Watching Smriti Mandhana at her best is like watching poetry in motion. There is to her batting a lazy elegance that soothes the eye, warms the heart.
“She reminds me of Sourav Ganguly,” says W.V. Raman, coach of the Indian women’s team and someone who knows a thing or two about graceful left-handed batting.
Smriti is not just the most stylish batter in women’s cricket but one of the most feared as well — she sits atop the ICC’s ODI rankings.
“Becoming the world’s best batter was something that I always wanted,” says Smriti. “When I was little, my mother always used to ask me to persevere in whatever I did, and not to stop in the middle but to go on until reaching the top.”
She has reached there at the age of 22, with 1,951 runs at an average of 42.41 and a strike-rate of 83.51 from 50 ODIs.
Carry forward the legacy of Mithali Raj
Striking at close to 120 in T20Is, she is also sought after by franchises in the domestic leagues of Australia and England. She was the leading run-scorer and the ‘Player of the Tournament’ in the England and Wales Cricket Board’s Kia Super League last year. She will re-join Western Storm for the upcoming edition, which begins on August 6.
Smriti is poised to carry forward the legacy of Mithali Raj, a world-class performer whose example has served as an inspiration for two decades, especially at moments when the game’s survival faced challenges.
Women’s cricket in India has come a long way from the dark ages when players travelled unreserved on trains and, on occasion, on bullock carts. Mithali and other brave women like Jhulan Goswami have made the path easier for their successors.
The inflection point, on the field, came against defending champion Australia in the World Cup semifinal in 2017 in England. An astonishing 171 not out off 115 balls by Harmanpreet Kaur — an innings regarded by many as one of the finest ever — not just took India to the final but also caught the imagination of a nation.
The turnouts at the Women’s T20 Challenge, dubbed the ‘mini-IPL’, in Jaipur recently (increasing from roughly 4,000 on the first day to about 15,000 for the final) were an encouraging sign of the game’s growing popularity. But it can do with increased corporate interest. Smriti’s ability to draw new fans can help with that. There is something about her batting: after watching it for the first time, you are keen to find out when India plays next.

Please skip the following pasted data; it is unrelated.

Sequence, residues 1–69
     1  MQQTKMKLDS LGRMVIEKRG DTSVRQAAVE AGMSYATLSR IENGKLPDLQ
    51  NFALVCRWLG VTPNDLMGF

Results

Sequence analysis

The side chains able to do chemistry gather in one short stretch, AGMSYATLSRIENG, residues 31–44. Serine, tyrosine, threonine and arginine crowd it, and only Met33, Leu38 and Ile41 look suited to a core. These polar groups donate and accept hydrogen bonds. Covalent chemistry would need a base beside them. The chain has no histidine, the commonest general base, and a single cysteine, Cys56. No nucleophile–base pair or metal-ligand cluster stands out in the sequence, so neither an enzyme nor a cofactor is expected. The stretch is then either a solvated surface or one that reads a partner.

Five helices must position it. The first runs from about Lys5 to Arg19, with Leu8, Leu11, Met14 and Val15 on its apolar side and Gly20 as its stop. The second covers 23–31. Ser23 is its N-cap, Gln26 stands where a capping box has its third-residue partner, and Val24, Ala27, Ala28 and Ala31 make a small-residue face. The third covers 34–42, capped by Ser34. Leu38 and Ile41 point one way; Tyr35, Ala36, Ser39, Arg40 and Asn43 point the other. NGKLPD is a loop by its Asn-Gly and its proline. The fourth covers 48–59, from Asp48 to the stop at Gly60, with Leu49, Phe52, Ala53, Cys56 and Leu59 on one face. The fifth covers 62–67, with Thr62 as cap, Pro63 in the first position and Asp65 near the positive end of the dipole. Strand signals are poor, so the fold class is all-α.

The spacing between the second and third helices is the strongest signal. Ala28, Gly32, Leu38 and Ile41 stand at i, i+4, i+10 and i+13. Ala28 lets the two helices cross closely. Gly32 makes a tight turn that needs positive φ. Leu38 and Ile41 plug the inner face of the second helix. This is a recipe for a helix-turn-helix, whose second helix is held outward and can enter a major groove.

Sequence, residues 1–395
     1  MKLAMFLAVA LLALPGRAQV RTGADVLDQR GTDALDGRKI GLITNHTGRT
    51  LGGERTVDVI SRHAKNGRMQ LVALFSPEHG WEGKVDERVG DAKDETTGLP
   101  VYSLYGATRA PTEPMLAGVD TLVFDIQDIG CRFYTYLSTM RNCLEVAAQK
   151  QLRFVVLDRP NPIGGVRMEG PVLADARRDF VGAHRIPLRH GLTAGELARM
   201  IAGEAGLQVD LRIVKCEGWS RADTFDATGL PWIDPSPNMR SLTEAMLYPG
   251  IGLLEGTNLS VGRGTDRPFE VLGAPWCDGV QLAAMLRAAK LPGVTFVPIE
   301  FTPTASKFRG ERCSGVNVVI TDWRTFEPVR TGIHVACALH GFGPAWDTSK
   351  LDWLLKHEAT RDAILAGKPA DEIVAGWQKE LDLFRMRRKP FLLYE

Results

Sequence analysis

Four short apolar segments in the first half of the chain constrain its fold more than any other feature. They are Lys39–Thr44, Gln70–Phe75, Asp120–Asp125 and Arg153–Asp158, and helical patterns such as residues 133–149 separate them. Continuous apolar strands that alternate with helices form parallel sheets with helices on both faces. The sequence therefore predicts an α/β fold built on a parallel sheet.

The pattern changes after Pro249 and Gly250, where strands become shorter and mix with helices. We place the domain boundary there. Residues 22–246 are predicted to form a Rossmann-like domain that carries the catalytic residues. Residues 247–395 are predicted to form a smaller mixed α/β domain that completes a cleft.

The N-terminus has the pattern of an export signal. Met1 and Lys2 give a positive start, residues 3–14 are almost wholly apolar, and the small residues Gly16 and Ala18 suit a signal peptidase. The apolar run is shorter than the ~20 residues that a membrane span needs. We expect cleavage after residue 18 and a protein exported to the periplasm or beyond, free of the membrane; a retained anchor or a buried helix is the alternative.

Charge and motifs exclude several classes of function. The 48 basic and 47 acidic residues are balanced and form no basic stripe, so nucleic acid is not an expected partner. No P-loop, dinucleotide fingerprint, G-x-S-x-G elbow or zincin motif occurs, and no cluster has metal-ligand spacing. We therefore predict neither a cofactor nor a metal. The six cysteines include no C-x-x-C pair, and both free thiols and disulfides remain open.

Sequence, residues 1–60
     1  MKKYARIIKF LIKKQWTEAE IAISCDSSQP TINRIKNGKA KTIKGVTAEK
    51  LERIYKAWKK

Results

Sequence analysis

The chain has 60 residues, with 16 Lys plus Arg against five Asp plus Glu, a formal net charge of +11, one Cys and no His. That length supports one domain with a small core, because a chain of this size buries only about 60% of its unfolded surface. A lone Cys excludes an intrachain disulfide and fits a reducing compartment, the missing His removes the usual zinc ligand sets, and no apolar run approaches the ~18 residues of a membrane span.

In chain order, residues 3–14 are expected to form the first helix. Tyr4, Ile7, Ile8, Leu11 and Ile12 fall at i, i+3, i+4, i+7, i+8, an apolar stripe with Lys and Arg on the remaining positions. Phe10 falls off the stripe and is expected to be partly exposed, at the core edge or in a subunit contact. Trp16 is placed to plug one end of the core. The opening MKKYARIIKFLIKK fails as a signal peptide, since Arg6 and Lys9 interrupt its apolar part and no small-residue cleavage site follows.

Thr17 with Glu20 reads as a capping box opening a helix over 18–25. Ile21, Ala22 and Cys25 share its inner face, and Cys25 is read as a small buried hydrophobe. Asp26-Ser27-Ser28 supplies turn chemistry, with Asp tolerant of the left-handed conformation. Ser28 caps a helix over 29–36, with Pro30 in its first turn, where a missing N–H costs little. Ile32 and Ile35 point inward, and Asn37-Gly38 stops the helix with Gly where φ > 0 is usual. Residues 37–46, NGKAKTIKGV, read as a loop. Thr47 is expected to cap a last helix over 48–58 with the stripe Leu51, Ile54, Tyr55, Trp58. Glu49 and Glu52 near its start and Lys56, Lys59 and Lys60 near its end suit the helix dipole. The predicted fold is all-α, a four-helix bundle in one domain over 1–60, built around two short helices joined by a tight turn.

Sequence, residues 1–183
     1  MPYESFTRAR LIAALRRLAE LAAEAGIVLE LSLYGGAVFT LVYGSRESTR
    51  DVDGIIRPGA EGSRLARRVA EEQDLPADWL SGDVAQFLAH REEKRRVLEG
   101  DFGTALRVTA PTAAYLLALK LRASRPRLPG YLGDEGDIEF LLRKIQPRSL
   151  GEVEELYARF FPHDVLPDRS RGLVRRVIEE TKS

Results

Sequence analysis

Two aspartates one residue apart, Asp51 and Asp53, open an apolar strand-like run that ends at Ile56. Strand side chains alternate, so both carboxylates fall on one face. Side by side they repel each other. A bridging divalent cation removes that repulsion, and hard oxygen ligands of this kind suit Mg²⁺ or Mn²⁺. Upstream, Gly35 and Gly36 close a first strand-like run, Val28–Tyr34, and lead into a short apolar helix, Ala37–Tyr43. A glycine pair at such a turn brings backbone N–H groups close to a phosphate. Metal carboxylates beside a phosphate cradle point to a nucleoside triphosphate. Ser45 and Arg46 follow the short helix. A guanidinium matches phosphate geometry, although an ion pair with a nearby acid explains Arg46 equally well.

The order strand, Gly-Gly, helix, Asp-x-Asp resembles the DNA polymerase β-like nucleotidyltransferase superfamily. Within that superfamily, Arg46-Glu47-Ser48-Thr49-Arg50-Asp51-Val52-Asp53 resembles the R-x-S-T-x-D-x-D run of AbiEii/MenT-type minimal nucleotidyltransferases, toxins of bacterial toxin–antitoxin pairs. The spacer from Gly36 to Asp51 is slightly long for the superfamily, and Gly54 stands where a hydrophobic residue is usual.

“She could become the nation’s sweetheart,” says former-India-all-rounder-turned-commentator Reema Malhotra. Smriti could do for cricket what Sania Mirza did for tennis and Saina Nehwal for badminton — they put their sports in the limelight with their campaigns on court and in ad spots.
That will represent a remarkable achievement for someone who began her cricketing journey in Sangli, Maharashtra, not one of the game’s big centres. Smriti’s first inspiration was her brother Shravan. He was a promising batsman who played for the Maharashtra junior team. It was through him that Rahul Dravid presented Smriti with one of his bats.
She used that bat on international debut, against Bangladesh at Vadodara in 2013; she scored 39 off 36 balls, opening the innings in the final T20I. Some six months later, the bat helped her make much bigger news: Smriti hit a stunning 224 off 150 balls for Maharashtra against Gujarat in a West Zone Under-19 one-day game.
“Yes, that knock made people aware of Smriti’s talent, but I was convinced she was special right from the time her father brought me to her,” says her first coach Anant Tambvekar. “She was the first girl to train under me. A girl playing cricket in a conservative Maharashtra town like Sangli was very unusual. In a society where fair skin matters a lot in the marriage market, people were surprised a girl would want to spend so much time under the sun.”
Smriti didn’t mind that at all — the sun, or what people thought. “She was just happy to work for six hours every day,” recalls Tambvekar. “She would train for four hours in the morning and return to the ground in the evening, after school, for another two. It was her timing that impressed me most. I am not at all surprised by the kind of success she has achieved.”
Neither is Reema. “I had heard about this new kid and wanted to see her bat,” says the former international from Delhi. “While I was in Guwahati, playing for Assam as a professional, I heard she was in the city for an Under-19 tournament. So I went to the ground to see her bat.”
Smriti didn’t disappoint her.
“She scored 150-odd and it was a brilliant innings,” Reema reminisces. “She played those lovely Ganguly-like drives and lofts as well as cuts, straight drives, every shot in the book, in fact. I could sense that she liked to play long innings.”
Smriti has been working on making her stay at the wicket even longer. “That is one of the reasons why I have been more consistent over the last year or two,” she says. “I have worked on my shot selection and I have decided that I need not look good always when I bat. Even struggling is okay, if you struggle your way to a good score.”
The spectator won’t be bored, though, even when her batting goes through such periods. The strike-rate may come down a bit, but she still peppers her innings with those gorgeous strokes.
“Smriti is the best batter in women’s cricket now,” said Scott Styris, the former New Zealand all-rounder who is now an expert commentator. “The difference between her and the second-best is the size of Mumbai.”
So, you would do well to switch on the television when Smriti arrives at the wicket the next time. You are unlikely to forget it in a hurry.